When I reviewed Mel Sherratt’s Written in the Scars about a year ago, I concluded: “Tho’ I think Mel Sherratt is really flourishing in the detective story genre . . . the Mitchell Estate remains closest to my heart as a place to meet characters whom I love, speaking a bit differently but whom I’ve come to recognise almost as neighbours & friends.” So now Mel has merged the police procedurals with her Estate series, giving us a new police officer, DS Eden Berrisford, who covers the town of Stockleigh (clearly Stoke) including the Mitchell Estate, so one of my favourite principal characters from the Estate series, Josie Mellor the housing officer, puts in a cameo appearance here. Eden is on the verge of middle-age and has a teenage daughter Laura, & a broken relationship with Laura’s father. Like Mel Sherratt’s other principal characters, Eden has to offer strong support for others whilst carrying a lot of emotional baggage—one of the reasons they inspire us so much. We also have gang violence amongst teenagers that has led to the death of one girl & another, Katie, being banged up in prison awaiting trial accused of her death. Then another of Laura’s friends, her cousin Jess, who has been involved with a gang stealing mobile phones, is abducted. So Eden gets involved investigating the disappearance of her own niece. As in the Estate series, the women characters form a support system for each other. This one is organised by Josie & called SWAP, Stockleigh Working to Achieve Potential. The characters whom I find most inspiring in Mel Sherratt’s stories are those who can use community support & social services not as an excuse to sink into dependency (tho’ the Mitchell Estate is well stocked with skivers too) but to improve their lives, for whom being able to take a vocational course or learn to run a small business opens new opportunities, a better home, a better life. We see that a police officer such as Eden doesn’t just maintain order, but has an important social function. Tho’ I don’t recall the term’s being employed, The Girls Next Door shows us through Eden how community policing can work at its very best, just as Cath Mason exemplifies role modelling and mentoring in Somewhere to Hide and Josie Mellor supervising social housing in Behind a Closed Door, not checking boxes but helping their clients have better lives.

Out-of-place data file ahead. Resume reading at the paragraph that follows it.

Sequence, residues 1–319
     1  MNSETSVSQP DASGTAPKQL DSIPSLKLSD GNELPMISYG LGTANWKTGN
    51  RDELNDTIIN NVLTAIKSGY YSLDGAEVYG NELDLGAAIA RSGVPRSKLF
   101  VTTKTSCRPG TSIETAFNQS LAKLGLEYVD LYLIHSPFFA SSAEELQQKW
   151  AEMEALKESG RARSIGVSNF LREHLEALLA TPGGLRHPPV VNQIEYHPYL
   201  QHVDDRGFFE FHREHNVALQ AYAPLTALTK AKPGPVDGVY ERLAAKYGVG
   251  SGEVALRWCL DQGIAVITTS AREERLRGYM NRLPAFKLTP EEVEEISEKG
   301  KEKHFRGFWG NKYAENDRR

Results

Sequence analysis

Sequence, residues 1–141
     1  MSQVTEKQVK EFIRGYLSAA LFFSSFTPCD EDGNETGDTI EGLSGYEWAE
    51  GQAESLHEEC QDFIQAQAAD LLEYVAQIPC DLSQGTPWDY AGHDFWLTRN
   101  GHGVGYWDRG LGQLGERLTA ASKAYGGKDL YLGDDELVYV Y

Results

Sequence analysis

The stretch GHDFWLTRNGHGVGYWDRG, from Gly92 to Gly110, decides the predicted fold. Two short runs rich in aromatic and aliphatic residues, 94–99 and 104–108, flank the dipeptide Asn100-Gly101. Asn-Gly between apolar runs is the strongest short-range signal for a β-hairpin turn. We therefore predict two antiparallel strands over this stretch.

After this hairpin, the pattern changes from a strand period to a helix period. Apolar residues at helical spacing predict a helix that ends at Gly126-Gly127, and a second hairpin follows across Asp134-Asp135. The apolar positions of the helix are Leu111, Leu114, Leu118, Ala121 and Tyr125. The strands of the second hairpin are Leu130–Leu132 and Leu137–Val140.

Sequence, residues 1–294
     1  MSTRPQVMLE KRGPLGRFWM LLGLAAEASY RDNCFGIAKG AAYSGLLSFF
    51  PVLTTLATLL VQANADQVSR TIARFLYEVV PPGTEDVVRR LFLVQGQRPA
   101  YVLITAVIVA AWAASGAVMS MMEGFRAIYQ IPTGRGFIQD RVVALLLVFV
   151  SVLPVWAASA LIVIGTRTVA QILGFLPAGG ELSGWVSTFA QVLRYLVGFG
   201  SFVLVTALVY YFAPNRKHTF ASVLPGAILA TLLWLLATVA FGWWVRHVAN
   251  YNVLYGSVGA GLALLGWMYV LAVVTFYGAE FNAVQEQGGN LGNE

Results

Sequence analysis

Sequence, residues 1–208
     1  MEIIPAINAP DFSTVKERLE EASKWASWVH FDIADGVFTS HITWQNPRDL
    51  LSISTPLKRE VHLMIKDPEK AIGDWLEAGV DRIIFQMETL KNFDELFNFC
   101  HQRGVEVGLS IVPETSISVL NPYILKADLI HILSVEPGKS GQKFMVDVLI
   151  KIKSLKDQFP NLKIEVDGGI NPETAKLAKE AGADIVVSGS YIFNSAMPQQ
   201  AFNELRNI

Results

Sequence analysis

Both parents and teens are nicely portrayed in a few strokes & the teens in particular learn how to take responsibility for their careless & wrong choices. It took me about half way though to start feeling comfortable with so many characters but once they were firmly established for me they felt very real. Mel Sherratt’s literary career has been an awesome inspiration, from multiple reject relying on self-publishing to get Allie Shenton before the public to best-sellerdom. Here I think she handled a complex plot beautifully. I kept wondering how Jess’s disappearance and the mobile phone theft ring could work together & was pleased with the outcome. Still, that fifth star blinks a bit. The story behind Jess’s disappearance did not ring for me with total conviction & the denouement felt deliberately postponed, whilst the plot involving Katie was wrapped up almost perfunctorily. But our time spent with Mel Sherratt’s principal characters is passed with imaginary best friends. I listen to Radio Stoke on the internet to imagine their voices.